Space between fixed cabinets min. 250 mm and floor ARRANGEMENT OF WORK AREAS Table top, seated work 680-750 mm Thickness max. 50 mm Width min. 610 mm Depth min. 500/650 mm at knee level/floor level 800-1050 mm

Does not apply to drain pipes Applies to flanges with diameter above 100 mm. Pipes, tubes and fittings shall be accessible for maintenance with necessary space for tools. Preferably fixed on floor without space Easily adjustable from work position in permanently and intermittently manned workplaces

Clearances for legs below work surface, seated work

Table top, standing work

Easily adjustable from work position in permanently and intermittently manned workplaces

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Topic The centre height of control devices above floor level (including valve handles)

Vertical max. 1800 mm

Horizontal

Visual displays above floor level, standing work

1100 - 2000 mm

Comments Does not apply to controls in infrequent use (< once pr. month) 900 - 1500 mm for controls in daily use and for controls where access in an emergency is required. For displays in daily use and for displays where reading in an emergency is required. Location of critical displays to be based on task analysis, ref. clause 4.9.5.

Electrical contacts and 900-1500 mm switches above floor Sink, heights above floor 600 mm FLOOR, DECK SURFACES, PLATFORMS Maximum unprotected openings

100 x 100 mm

Maximum opening in grating

20 mm

Maximum unsecured height drop to lower level Maximum height difference in one step between floor / deck levels in access ways GUARDRAILS Height from floor to top of railing Free space between handrail knee rail - toe plate Height toe plate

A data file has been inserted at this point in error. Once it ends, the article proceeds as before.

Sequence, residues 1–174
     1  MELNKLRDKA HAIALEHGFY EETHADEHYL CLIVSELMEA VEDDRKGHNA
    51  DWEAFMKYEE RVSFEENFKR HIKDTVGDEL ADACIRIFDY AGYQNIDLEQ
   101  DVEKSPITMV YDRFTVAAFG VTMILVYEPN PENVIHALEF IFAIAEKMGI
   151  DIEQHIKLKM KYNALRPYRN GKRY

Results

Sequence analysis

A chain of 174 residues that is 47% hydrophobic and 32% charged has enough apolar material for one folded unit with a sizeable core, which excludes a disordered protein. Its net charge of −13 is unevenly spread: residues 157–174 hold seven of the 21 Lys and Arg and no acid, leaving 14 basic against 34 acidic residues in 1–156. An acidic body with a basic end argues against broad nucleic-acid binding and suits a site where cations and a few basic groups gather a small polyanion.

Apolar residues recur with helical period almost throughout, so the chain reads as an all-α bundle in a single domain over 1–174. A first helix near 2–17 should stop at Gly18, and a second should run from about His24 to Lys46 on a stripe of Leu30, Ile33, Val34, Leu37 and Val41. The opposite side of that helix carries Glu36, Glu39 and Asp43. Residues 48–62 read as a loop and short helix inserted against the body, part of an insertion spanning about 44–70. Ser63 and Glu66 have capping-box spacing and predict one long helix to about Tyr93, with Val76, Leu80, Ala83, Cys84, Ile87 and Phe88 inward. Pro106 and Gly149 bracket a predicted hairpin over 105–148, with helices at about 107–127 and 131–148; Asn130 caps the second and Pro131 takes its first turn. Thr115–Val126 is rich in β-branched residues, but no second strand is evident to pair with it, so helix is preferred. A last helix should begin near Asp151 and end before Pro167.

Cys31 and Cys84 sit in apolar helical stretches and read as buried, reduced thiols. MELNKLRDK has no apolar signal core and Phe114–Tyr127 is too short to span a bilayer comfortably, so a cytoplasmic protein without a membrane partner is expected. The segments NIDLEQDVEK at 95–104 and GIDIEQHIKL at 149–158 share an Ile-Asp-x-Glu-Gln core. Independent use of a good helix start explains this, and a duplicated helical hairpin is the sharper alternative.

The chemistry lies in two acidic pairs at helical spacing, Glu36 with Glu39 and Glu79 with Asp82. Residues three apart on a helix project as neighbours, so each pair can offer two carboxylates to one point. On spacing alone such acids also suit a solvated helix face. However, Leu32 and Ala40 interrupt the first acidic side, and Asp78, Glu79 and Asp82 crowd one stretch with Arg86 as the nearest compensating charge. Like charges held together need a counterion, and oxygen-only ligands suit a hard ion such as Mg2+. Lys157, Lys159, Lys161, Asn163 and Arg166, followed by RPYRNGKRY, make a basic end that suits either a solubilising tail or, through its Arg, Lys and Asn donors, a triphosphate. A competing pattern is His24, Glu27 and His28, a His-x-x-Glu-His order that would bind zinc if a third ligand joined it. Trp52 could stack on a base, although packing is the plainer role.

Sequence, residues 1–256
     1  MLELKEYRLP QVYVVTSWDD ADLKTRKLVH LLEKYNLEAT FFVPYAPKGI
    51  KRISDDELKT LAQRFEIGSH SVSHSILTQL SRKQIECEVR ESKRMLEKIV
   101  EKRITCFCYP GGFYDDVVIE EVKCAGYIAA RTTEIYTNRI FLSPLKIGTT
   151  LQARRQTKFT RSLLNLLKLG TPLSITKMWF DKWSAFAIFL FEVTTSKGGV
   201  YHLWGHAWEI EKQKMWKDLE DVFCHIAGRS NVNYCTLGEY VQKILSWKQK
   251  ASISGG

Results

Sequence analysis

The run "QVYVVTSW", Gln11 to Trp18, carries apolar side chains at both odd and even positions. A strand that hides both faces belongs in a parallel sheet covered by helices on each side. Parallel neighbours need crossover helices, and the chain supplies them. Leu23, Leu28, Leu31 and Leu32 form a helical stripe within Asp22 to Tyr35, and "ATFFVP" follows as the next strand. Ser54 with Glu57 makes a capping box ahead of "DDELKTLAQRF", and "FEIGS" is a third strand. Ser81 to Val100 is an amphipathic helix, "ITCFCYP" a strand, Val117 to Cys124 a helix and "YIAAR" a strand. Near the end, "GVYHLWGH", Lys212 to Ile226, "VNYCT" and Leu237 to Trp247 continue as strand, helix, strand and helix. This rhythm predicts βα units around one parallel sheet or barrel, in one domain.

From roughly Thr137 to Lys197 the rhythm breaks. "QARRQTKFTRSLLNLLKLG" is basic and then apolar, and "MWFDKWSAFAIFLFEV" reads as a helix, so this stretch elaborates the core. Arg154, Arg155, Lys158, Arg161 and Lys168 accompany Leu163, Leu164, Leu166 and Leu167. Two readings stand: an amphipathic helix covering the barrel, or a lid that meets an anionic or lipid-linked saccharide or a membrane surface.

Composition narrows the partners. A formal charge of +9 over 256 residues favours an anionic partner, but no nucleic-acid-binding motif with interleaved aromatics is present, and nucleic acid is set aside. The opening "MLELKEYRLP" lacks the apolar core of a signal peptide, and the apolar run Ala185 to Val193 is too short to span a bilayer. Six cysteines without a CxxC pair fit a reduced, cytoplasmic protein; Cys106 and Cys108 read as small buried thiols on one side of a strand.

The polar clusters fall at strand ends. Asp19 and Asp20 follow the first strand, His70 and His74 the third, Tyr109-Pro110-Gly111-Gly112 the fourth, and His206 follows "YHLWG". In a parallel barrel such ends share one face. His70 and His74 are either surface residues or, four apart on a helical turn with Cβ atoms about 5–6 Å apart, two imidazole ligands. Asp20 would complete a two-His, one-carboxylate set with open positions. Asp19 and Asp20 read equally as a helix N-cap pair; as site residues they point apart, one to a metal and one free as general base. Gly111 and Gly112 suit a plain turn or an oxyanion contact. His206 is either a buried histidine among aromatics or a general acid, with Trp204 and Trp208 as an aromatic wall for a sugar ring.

800 mm

Larger openings shall be covered or secured by guardrail or similar. Hatches with coaming height below 750 mm to be equipped with railing. Note 3. Grating shall not allow a ball with greater diameter to fall through. Applies above places with presence of persons, otherwise 35 mm. Also applies to stairs. Higher drops to be secured by guardrails, railings or bulkwalk

350 mm

min 1000 mm max 380 mm min 100 mm max 15 mm opening between toe plate and floor 25 - 50 mm

Also applies for distance between stair railing and step. Min two knee rails for guardrails above floor.

Handrail - diameter LADDERS, STEPLADDERS1) Inclinations Min. / max. width between uprights Spacing between rungs 250 - 300 mm

Note 2 400 mm / 600 mm Rungs evenly spaced and so constructed that they effectively prevent the foot from slipping sideways.

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Topic Maximum allowable height of continuous ladders Clearance between the ladder and fixed parts of the surrounding: in front of the ladder behind the front of rungs

Vertical 10000 mm

Horizontal

Comments Note 3. Rest landing minimum at each 6000 mm for ladders above 10000 mm.

Safety cage for ladders higher than Safety cages: start at a height above floor / deck terminates at a height above upper level Diameter of safety cage STAIRS

650 mm 200 mm (150 mm for discontinuous obstacles) 3000 mm Hand grips to extend min. 1100 mm above upper level.

2200 - 3000 mm min. 1100 mm

700 - 800 mm Note 2. See also NORSOK Standard C-002